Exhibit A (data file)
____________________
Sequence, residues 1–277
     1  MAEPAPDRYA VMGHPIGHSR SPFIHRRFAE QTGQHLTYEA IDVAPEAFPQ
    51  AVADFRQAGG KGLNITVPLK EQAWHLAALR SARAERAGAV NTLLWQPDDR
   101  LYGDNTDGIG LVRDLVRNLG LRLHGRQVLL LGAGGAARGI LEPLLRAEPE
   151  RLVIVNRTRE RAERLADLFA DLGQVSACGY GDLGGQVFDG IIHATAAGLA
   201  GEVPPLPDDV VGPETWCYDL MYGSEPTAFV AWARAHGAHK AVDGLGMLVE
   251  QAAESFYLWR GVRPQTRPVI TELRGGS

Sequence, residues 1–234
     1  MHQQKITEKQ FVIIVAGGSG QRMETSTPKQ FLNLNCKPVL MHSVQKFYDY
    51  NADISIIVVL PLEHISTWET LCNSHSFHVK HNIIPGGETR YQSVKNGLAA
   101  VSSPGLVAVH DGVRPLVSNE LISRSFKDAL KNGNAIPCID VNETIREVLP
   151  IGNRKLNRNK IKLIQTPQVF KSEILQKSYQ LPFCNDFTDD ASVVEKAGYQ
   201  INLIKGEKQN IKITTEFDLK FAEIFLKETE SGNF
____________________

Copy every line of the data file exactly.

Sequence, residues 1–277
     1  MAEPAPDRYA VMGHPIGHSR SPFIHRRFAE QTGQHLTYEA IDVAPEAFPQ
    51  AVADFRQAGG KGLNITVPLK EQAWHLAALR SARAERAGAV NTLLWQPDDR
   101  LYGDNTDGIG LVRDLVRNLG LRLHGRQVLL LGAGGAARGI LEPLLRAEPE
   151  RLVIVNRTRE RAERLADLFA DLGQVSACGY GDLGGQVFDG IIHATAAGLA
   201  GEVPPLPDDV VGPETWCYDL MYGSEPTAFV AWARAHGAHK AVDGLGMLVE
   251  QAAESFYLWR GVRPQTRPVI TELRGGS

Sequence, residues 1–234
     1  MHQQKITEKQ FVIIVAGGSG QRMETSTPKQ FLNLNCKPVL MHSVQKFYDY
    51  NADISIIVVL PLEHISTWET LCNSHSFHVK HNIIPGGETR YQSVKNGLAA
   101  VSSPGLVAVH DGVRPLVSNE LISRSFKDAL KNGNAIPCID VNETIREVLP
   151  IGNRKLNRNK IKLIQTPQVF KSEILQKSYQ LPFCNDFTDD ASVVEKAGYQ
   201  INLIKGEKQN IKITTEFDLK FAEIFLKETE SGNF